The vast and rich duchy of 'Aquitaine' [an expression used to cover the the regions of Poitou, Gascony, and Guienne, the latter being a considerbably reduced province of the Ancient Aquitaine] came to Henri by his 1152 marriage to the heiress, Eleanor d'Aquitaine. The perceived southwestern limits of this ancient region, particularly the province of Toulouse, were disputed. Henri II was never able to secure undisputed claim to that particular province.
The crown of England was also obtained by military campaign, which led to a treaty. Like Normandy, Henri perceived a right to the crown through his mother, who had been put aside by Stephen de Blois in assuming the English throne (1135-1154). In 1153, due to military circumstances and the death of his only son and heir, Stephen was forced to agree to Henri d'Anjou's succession. Henri II d'Anjou became Henry II of England (1154-1189),
The duchy of Brittany was acquired by Henri in 1169, but was lost to his heirs in 1213. It remained an independent duchy until incorporated into the French crown by marriage in 1514. Wales, Scotland, and eastern Ireland were dependencies that came with the assumption of the Anglo-Norman throne of England. However, these regions were not fully incorporated into the English kingdom. Their status was much like that of Brittany in France. Wales, Scotland, and Brittany were regions heavily populated by descendants of the early Celts. Though their chiefs [taking at times the titles of 'kings' or 'dukes'] were often 'subdued' by English and French monarchs, these regions fiercely held off being fully incorporated into either the English or French kingdoms. Wales was not conquered by England until 1277-1283. Scotland was a dependency of England 1296-1306, and then effectively 'conquered' by Edward III, king of England (1327-1377). Henri II was granted the title of 'king of Ireland' in 1172, but a series of subsequent English monarchs [and one 'Lord Protector'] conducted campaigns in Ireland attempting to secure the claim well into the modern era.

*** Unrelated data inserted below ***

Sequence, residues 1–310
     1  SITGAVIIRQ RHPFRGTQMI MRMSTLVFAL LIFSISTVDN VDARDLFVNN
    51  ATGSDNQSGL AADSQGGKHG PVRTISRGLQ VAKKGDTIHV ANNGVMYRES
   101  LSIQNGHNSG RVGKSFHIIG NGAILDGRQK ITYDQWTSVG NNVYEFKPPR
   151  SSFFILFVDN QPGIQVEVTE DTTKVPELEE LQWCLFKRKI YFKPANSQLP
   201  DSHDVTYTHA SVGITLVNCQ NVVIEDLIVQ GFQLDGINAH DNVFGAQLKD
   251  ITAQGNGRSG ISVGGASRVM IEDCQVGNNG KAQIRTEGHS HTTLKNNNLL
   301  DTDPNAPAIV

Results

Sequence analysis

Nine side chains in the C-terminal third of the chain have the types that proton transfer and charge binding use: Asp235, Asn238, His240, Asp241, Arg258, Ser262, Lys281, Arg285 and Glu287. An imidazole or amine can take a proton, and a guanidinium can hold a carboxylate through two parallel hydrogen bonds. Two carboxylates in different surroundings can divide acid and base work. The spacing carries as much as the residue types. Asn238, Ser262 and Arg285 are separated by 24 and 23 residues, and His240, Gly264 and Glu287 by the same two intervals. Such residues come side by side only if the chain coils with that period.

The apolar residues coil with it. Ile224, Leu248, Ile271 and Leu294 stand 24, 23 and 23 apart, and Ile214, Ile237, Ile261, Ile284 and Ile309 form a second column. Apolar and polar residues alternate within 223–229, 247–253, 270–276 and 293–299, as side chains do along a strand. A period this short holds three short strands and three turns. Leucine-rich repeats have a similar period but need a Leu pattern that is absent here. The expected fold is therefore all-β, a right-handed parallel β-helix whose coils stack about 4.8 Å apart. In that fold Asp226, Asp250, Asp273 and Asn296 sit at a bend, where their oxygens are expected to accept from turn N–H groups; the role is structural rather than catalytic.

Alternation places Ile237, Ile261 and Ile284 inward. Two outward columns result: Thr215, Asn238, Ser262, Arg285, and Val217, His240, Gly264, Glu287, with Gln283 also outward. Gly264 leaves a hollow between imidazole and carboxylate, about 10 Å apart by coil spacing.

Dismemberment of the Angevin Empire.
Henri II d'Anjou's personal calim to the lands of his 'Angevin Empire' lasted through the succession of his son, Richard I 'Coeur de Lion' [the Lionhart], king of England (1189-1199). However, the 'empire' began to be dismembered during the following reign of Henri's younger son, John 'Lackland', king of England (1199-1216). John I would lose to the French king, Philippe II 'Auguste' (1180-1223), the very hart of the 'empire' -- Anjou in France, and thereby bring an end to the particular Angevin line of his family They became the Plantagenet line of the English monarchy [See webpage on the Angevin Dynasties, link is given at bottom of this page].
This dismemberment of the remarkable Angevin Empire is covered in more detail in webpages on the War of Bouvines (1202-1214), the Saintonge War (1242), the Battle of Castillon (1453). Links to these pages are given below. The last battle was essentially the end of the Hundred Years' War, which many historians view as a desperate attempt of the English Plantagenets (and their Lancaster cousin) to regain the great Angevin Empire of Henri II.